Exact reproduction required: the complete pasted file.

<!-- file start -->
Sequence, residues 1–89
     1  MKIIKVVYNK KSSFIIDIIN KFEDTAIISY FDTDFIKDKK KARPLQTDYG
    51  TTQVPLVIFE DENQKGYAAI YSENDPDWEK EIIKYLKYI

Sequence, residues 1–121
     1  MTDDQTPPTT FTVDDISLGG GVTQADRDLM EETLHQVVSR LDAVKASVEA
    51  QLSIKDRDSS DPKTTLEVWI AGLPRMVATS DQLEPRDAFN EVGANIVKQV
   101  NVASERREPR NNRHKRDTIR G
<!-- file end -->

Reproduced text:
Sequence, residues 1–89
     1  MKIIKVVYNK KSSFIIDIIN KFEDTAIISY FDTDFIKDKK KARPLQTDYG
    51  TTQVPLVIFE DENQKGYAAI YSENDPDWEK EIIKYLKYI

Sequence, residues 1–121
     1  MTDDQTPPTT FTVDDISLGG GVTQADRDLM EETLHQVVSR LDAVKASVEA
    51  QLSIKDRDSS DPKTTLEVWI AGLPRMVATS DQLEPRDAFN EVGANIVKQV
   101  NVASERREPR NNRHKRDTIR G